Hedge fund pulls out of $2.6B investment deal with Delphi

This GM didn't need.

Besides slumping U.S. sales and a strike that has shut down 30 of its factories, the automaker may now be on the financial hook to help its former subsidiary and largest parts supplier, Delphi dphhiq. Delphi's lifeline to exit bankruptcy was stalled after a private equity fund ended a deal for a $2.55 billion cash injection on Friday.

The Appaloosa Management-led investment was an essential pillar in Delphi's reorganization, which has been complicated by a tight credit market. The loss of the deal puts Delphi's plan to exit bankruptcy at risk and raises the issue of whether General Motors gm would be forced to offer even more support than it is already giving.

"I would not be surprised to see additional forms of financial support from GM," Fitch Ratings analyst Mark Oline said. "It's been never-ending since the initial filing."

Standard & Poor's analyst Marc Eiger told investors that the sooner Delphi emerges from bankruptcy, the better off GM will be. He noted that GM recently increased the amount of loan money it offered to Delphi, and it "may need to provide more cash to help Delphi emerge."

As for an equity deal, Appaloosa said it is still negotiating to invest in Delphi despite its refusal to do so under the terms of the existing agreement.

GM spokeswoman Renee Rashid-Merem said it is disappointed Appaloosa had withdrawn. "There has been a tremendous amount of effort and progress made to establish the foundation that would enable Delphi to emerge from Chapter 11," she said in a statement. "GM will continue to work with the involved parties to facilitate Delphi's efforts to emerge from bankruptcy."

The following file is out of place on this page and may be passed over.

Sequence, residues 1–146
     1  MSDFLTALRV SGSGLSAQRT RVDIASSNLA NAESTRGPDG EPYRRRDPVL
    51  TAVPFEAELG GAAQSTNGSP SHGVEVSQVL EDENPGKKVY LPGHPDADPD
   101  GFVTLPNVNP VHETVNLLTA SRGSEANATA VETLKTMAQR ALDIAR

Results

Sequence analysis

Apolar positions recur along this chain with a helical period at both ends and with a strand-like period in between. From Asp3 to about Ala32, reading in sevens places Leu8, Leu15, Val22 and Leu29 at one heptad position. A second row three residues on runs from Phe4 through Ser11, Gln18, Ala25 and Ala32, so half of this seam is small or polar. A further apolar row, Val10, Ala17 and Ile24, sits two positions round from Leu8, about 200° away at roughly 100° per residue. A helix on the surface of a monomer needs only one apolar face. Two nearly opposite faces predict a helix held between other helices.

Appaloosa's announcement came as Delphi faced a Friday deadline to raise $6.1 billion in loans to help it out of bankruptcy. Delphi followed Appaloosa's statement with its own, saying it had raised the needed loan money and was ready to do the deal but that Appaloosa had backed down.

"We are extremely disappointed that our plan investors have taken the position that they are not obligated to fund their planned investment commitments to Delphi and instead have chosen to walk away from the company and its stakeholders," Delphi's restructuring chief, John Sheehan, said in a statement. "We are prepared to pursue actions that are in the best interests of Delphi and its stakeholders."

Delphi, which has been in bankruptcy since October 2005, offered no specifics on what those actions may be.

Appaloosa said Delphi has breached an agreement it had with the investor group.

The letter from Appaloosa's David Tepper, a well-known investor in distressed companies, said he had been "actively engaging in discussion to resolve our outstanding issues in a mutually acceptable manner."

Tepper also asserted Friday that he is now entitled to an $82.5 million fee, because Delphi breached their agreement by seeking an alternative transaction. It referred in its filing to Delphi's effort to take more loans from GM, a move that threatened the power of the investor group.

Under the restructuring plan approved by the court and creditors, GM can offer up to $750 million in loans. A judge recently ruled that a GM affiliate — but not GM itself — could offer two other loans, one of $2 billion and a second loan worth as much as $825 million.

Five of six investors in the Appaloosa group had objected to GM's increased participation in the loans package over concerns about GM expanding its influence over Delphi. They had argued the loans would "adversely affect the company and the investors by materially increasing and concentrating GM's ongoing influence and control."

The other investors in the Appaloosa-led group are Harbinger Capital Partners Master Fund I, Merrill Lynch, Pierce, Fenner & Smith, UBS Securities, Pardus Capital Management and Goldman Sachs Group.

Goldman Sachs was the one investor in the group that hadn't objected to more loans from GM.

GM is also in negotiations to increase its contribution to Delphi's pension plans from the $1.5 billion obligation it has now.

AP Auto Writer Dee-Ann Durbin in Detroit contributed to this report.